Leading policy-makers and scholars explain how market forces, deregulation, and consumer choice can work to improve health care for all Americans.


Fixing Medicare
Laurence J. Kotlikoff, Forbes, 12-13-04

Kotlikoff offers a novel idea for making Medicare and Medicaid solvent as the nation’s huge baby-boomer generation ages and then retires: vouchers.

The government would end the current Medicare/Medicaid fee-for-service schedule for those programs and then offer vouchers to buy insurance based on health condition and (presumably) some form of means testing. That way, insurers would have an incentive to take in sick patients, and still keep the lid on health care costs. The vouchers would only increase as fast as rising wages, no faster. Kotlikoff says that under his plan “competition among insurers would ensure that participants got the best care per voucher or dollar spent. And the insurers would have an incentive to keep their customers from overusing the health care system, which would help restrain the growth in health care costs throughout the country.”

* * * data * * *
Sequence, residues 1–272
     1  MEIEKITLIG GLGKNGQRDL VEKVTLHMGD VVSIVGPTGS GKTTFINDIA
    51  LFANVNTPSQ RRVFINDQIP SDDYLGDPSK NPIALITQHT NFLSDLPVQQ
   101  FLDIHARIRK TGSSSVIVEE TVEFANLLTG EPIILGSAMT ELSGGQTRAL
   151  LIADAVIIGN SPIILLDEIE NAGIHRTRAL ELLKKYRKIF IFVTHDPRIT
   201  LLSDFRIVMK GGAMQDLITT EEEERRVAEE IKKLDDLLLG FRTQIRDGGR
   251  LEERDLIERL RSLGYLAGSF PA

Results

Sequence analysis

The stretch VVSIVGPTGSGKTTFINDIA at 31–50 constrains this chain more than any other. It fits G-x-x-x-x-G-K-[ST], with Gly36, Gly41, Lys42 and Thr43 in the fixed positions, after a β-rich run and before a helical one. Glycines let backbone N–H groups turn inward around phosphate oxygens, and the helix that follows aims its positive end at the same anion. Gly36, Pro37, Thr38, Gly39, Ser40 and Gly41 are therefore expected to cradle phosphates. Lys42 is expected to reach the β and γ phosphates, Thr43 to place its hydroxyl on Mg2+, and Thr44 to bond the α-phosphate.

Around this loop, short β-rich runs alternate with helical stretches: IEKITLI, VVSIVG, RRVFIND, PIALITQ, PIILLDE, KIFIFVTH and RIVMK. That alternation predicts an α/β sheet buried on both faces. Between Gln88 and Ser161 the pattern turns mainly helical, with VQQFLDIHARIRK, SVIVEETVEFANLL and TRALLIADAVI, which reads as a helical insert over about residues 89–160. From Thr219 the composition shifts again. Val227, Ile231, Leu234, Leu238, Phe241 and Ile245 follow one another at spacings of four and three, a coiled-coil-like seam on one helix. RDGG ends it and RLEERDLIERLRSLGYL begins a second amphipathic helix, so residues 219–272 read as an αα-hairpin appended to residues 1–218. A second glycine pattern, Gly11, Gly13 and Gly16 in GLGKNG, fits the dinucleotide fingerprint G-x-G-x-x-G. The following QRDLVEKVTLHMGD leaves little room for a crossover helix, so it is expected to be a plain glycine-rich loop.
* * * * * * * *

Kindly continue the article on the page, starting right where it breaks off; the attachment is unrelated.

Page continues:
We think that Kotlikoff’s plan, as described, while an interesting idea, is overbroad. Most people should be encouraged to save for health care expenditures through health savings accounts; there is no reason for the government to provide blanket coverage for the many citizens who can afford to pay for it themselves. However, vouchers are an excellent idea for low-income Americans who couldn’t afford to purchase health insurance without some assistance, and might even help them build equity for retirement.

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